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2018-19 Government Shutdown: No End in Sight

January 8, 2019

 

In the case that Congress fails to agree upon bills that fund federal government operations and agencies, or if the President refuses to sign such bills, a nationwide government shutdown occurs in the United States. This situation describes that of the state of our government for the past three weeks, sparked from a disagreement regarding the border security budget, and ultimately affecting the lives of millions of Americans all across the country, with no end in sight.

 

The possibility of a government shutdown was first discussed by President Trump on December 11th, when he met with Senate Minority Leader Chuck Schumer. The possibility was brought up due to a disagreement over border security – Trump insists upon the need of more funding for a border wall against Democratic opposition. On December 19th, the Senate passed a resolution for funding, without the extra money for the border wall, with Republican leaders confident that Trump would sign it. However, on December 20th, President Trump was no longer willing to sign the resolution, with pressure from ultra-conservative members of the Freedom Caucus being the main possible influence as to his change of decision. The House then passed a new spending bill including the five billion dollars Trump has demanded for the wall, but the bill was declined at the Senate, therefore leaving the government with no funding resolution. Henceforth, the government entered a government shutdown on the 22nd.

 

Entering its third week, this government shutdown is already nearing the length of the previous shutdown that occurred in 2013 under the Obama administration over the Affordable Care Act. Needless to say, the 2018 shutdown’s effect on individuals working for the government is massive. As CNBC reports, an estimated 450,000 federal employees are working without pay through the government shutdown. This includes workers from the Transportation Security Administration (TSA), parks and museums, and law enforcement (including the F.B.I, Drug Enforcement Administration, and Customs and Borders protection). While Medicare, Social Security, and Veterans benefits are not affected by the shutdown – as these programs were already fully funded – the scope of the government shutdown remains large and impactful. Many affected people have shared their experiences online. Peggy McChesney was recently widowed when her husband died late December, but because of the government shutdown, she has been unable to claim her husband’s death benefits – money that is essential to her livelihood. Due to the shutdown, many people have started looking into other job opportunities. As one individual working in the USDA (United States Department of Agriculture) says, “I love my job and I’m deeply invested in the mission of USDA, but I’ve had to start looking for other jobs with such uncertainty." Farah Jayman, a single mother working for the FDA, is “currently furloughed with enough funds to last the 15th of the month.” After the 15th, her funds will run out. These individuals’ stories are proof of the range and intensity of the shutdown’s impact on people’s lives and financial situations.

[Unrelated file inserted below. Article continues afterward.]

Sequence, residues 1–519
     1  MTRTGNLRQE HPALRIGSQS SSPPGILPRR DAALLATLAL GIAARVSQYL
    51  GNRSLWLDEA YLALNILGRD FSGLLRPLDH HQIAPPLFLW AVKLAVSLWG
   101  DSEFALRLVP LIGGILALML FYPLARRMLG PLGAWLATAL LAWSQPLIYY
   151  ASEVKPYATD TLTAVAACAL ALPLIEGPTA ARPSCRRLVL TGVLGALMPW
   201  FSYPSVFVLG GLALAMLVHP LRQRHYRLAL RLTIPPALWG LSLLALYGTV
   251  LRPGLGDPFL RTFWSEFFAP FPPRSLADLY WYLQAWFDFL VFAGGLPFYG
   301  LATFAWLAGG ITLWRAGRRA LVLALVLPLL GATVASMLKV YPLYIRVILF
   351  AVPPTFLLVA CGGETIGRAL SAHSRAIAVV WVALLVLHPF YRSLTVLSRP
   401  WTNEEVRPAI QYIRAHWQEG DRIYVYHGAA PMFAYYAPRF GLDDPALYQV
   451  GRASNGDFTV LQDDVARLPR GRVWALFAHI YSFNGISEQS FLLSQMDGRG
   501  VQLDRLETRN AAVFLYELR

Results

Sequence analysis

If the government shutdown continues on without end, many people who are already in financial struggles will continue to suffer with consequences only becoming graver. With discussions about the wall at a standstill, we can only pray for these people who were inadvertently caught in the crossfires.

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